The appropriate comparison is Bosnia or Kosovo, or even Rwanda where a massacre is unfolding on live television and the world is challenged to act. It is time for the United States, NATO, the United Nations and the Arab League to act forcefully to try to prevent the already bloody situation from degenerating into something much worse.
By acting, I mean a response sufficiently forceful and direct to deter or prevent the Libyan regime from using its military resources to butcher its opponents. I have already seen reports that NATO has sternly warned Libya against further violence against its people. Making that credible could mean the declaration and enforcement of a no-fly zone over Libya, presumably by NATO, to prevent the use of military aircraft against the protesters. It could also mean a clear declaration that members of the regime and military will be held individually responsible for any future deaths. The U.S. should call for an urgent, immediate Security Council meeting and push for a strong resolution condemning Libya's use of violence and authorizing targeted sanctions against the regime. Such steps could stand a chance of reversing the course of a rapidly deteriorating situation. An effective international response could not only save many Libyan lives, it might also send a powerful warning to other Arab leaders who might contemplate following suit against their own protest movements.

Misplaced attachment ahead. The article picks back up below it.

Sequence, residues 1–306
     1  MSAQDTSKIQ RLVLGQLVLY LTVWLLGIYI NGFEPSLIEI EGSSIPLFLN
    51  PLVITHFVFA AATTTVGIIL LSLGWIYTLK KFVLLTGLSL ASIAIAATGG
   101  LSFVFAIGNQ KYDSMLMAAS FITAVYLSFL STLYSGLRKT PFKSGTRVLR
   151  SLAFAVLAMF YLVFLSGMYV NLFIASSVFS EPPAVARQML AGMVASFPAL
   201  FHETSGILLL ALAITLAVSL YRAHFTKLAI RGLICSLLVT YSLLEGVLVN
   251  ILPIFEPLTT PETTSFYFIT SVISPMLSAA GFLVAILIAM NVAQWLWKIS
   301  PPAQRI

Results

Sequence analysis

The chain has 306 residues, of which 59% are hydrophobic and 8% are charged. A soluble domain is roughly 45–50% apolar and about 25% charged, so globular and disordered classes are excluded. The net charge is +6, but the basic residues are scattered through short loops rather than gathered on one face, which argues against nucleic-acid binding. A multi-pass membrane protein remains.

Andrew Sullivan has an interesting roundup of ideas on this question.